20 Tips for Securing Your Shed

Shed Security

Why do your shed locks matter?

Many Australian homeowners keep expensive items in their sheds, including bikes for the kids, pool cleaning supplies, motor vehicles, and even boats and gardening tools. Since they are typically regarded as being less secure than the main house and may provide access to the rest of the property if there is a door to the house attached, your shed is, therefore, a desirable target for burglars.

How to secure your shed

Your shed locks matter because of this. Following these crucial safety advice will help you secure your shed, make it less inviting to thieves, and keep your possessions safe.

1. Restrict access to your shed

A secure gate with dependable locks and a strong fence to prevent people from easily entering the property are your first line of defence.

2. Keep your shed locked at all times

Always keep your outdoor shed locked when not in use because an open, unprotected shed will look inviting to an opportunist thief. Even if you intend to return, you should always lock your shed whenever you leave it unattended for a long time.

Securing Your Shed

3. Replace old locks

Are your locks damaged or worn out? Perhaps it’s time to change them out. If you prefer traditional locks, we suggest a high-quality hasp and padlock that is impervious to water and rust. Make sure the hasp cannot be picked with a screwdriver. Select a closed-shackle padlock as well, as these are much more difficult to open with bolt cutters. Getting a local, qualified Locksmith Windsor to do the job for you to the highest standard is the most secure way to install a lock.

4. Check the structural integrity of your shed

As soon as it is financially feasible, replace any broken windows, rotten door frames, or loose panels that are discovered. Next, fill in any gaps or holes in the roof and fence to prevent thieves from getting to your shed’s contents.

5. Check the door

Fix the shed door if it won’t close all the way. A broken door will let in unwanted creepy crawlies, furry wildlife, and even bad weather in addition to burglars.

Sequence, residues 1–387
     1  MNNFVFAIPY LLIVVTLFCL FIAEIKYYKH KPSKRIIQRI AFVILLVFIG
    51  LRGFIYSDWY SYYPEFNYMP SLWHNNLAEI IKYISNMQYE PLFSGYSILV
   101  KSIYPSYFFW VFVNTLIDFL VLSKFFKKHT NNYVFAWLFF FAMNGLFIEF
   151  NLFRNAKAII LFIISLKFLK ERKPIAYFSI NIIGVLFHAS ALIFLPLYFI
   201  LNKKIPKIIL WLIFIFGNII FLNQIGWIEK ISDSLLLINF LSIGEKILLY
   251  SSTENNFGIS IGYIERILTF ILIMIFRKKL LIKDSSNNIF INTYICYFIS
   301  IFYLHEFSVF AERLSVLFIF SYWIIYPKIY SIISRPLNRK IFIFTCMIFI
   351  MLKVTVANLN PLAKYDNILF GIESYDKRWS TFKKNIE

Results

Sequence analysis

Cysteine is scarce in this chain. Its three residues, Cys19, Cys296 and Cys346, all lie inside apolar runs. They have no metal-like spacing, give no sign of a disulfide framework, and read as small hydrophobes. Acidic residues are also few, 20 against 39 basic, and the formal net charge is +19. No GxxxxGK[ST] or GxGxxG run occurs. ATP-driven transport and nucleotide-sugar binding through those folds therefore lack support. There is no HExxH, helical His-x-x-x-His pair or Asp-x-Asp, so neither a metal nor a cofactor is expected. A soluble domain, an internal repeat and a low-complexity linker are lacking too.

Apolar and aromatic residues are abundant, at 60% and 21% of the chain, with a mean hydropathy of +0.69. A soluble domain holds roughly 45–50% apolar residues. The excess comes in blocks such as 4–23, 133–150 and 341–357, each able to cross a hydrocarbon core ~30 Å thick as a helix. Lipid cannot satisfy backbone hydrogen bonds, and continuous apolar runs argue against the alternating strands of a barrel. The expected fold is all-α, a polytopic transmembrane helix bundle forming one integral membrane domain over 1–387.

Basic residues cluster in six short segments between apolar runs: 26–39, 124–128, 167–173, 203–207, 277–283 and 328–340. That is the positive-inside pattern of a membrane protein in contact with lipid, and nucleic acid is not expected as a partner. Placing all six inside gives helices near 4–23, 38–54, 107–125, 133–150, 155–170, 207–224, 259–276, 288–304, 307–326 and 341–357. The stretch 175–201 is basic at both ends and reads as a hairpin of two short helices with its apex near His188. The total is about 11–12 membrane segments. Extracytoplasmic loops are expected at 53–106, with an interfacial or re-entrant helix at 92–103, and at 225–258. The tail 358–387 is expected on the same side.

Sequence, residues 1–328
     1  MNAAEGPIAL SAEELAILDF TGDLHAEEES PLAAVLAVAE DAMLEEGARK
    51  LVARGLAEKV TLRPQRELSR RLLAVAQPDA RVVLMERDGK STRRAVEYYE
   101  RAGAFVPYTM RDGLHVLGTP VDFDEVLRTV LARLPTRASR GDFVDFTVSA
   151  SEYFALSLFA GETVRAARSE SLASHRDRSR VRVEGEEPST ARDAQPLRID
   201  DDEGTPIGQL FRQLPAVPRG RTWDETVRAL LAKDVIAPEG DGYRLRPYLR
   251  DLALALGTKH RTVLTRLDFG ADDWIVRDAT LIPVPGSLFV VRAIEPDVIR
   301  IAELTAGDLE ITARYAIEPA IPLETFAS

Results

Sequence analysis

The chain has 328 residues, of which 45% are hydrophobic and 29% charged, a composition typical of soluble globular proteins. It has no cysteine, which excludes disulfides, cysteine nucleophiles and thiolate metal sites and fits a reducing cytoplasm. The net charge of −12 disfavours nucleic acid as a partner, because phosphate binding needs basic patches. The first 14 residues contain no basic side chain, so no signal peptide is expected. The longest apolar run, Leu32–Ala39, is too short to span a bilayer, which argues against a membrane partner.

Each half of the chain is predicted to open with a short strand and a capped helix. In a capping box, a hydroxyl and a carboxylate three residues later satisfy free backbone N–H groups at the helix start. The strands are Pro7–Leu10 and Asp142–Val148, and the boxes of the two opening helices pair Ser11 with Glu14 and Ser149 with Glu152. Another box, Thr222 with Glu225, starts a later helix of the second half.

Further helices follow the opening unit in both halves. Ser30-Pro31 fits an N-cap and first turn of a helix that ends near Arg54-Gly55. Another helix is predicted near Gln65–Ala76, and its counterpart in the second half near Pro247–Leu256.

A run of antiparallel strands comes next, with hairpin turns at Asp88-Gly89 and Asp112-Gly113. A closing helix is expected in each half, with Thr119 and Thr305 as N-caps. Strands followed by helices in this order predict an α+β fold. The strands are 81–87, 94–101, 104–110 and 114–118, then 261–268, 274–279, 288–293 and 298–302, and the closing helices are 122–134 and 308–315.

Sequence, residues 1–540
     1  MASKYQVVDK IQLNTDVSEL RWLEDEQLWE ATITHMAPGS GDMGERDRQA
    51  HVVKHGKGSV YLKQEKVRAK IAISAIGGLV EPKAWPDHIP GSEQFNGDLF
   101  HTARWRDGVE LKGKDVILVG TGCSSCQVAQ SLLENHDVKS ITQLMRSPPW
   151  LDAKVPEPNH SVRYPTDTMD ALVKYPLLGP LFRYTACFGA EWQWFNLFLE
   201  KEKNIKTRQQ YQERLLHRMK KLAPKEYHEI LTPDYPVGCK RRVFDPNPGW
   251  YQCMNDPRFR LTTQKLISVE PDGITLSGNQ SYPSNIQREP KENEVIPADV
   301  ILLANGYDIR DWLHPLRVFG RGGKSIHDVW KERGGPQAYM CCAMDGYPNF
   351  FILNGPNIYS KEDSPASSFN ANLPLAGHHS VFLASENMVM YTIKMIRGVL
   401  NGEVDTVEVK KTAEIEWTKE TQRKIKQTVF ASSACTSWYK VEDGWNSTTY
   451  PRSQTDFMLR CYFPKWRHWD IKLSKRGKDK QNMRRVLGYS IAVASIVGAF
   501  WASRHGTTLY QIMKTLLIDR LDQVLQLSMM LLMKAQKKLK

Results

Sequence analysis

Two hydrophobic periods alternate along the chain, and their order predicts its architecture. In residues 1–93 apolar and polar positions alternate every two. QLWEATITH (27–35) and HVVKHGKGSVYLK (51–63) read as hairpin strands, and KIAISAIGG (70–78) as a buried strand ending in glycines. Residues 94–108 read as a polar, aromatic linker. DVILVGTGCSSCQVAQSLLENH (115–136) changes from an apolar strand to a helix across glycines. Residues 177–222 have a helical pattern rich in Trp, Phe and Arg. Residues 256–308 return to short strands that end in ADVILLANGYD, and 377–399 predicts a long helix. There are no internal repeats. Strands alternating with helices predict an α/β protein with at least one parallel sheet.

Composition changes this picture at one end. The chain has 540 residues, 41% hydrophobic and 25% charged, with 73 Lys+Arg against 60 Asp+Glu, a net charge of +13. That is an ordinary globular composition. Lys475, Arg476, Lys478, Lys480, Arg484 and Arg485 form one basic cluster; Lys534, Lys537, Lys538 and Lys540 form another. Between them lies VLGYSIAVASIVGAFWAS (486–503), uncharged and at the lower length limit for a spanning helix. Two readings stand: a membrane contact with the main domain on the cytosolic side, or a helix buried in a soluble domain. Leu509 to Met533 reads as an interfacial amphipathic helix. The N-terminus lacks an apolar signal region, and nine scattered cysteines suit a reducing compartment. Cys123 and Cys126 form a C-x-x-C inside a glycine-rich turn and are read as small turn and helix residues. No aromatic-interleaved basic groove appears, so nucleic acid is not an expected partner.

6. Check the Hinges

Make sure that any hinges on doors or other secure containers cannot be removed easily. Your best options include coach bolts or non-returnable security screws.

7. Check the windows

If they are too big, too low, or ill-fitting, windows can provide criminals with easy access while also providing fantastic natural lighting. Consider adding wire mesh as reinforcement if your shed has windows.

Garden Shed

8. Plant around your shed

Plant thorny bushes and spiky, prickly plants around your shed to make it difficult for thieves to approach the building. Trim shrubs in your garden that have grown too tall so that someone can’t hide behind them.

9. Make Some Noise

Gravel the walkways to make it easier to hear approaching footsteps.

10. Cover your windows

Install some curtains, blinds, or any other window covering if your valuables are visible from the outside to hide them from prying eyes. On a hot day, these can also aid in controlling the temperature in your shed.

11. Store away your ladders

A ladder lying around could serve as a burglary invitation if you own a multi-story house and the upper floors are accessible.

12. Organise and secure your belongings

Set up a cubby system for your tools with locks to keep your expensive equipment hidden. Lock away any tools, such as ladders, hammers, and screwdrivers that could be used to help burglars enter your home. Lawn mowers, bicycles, and motorcycles should all be chained to the ground. It’s crucial to buy a strong enough lock from a reputable locksmith like Stronghold Locksmiths in Australia because if the lock isn’t strong enough, it might break, and your belongings might still get stolen.

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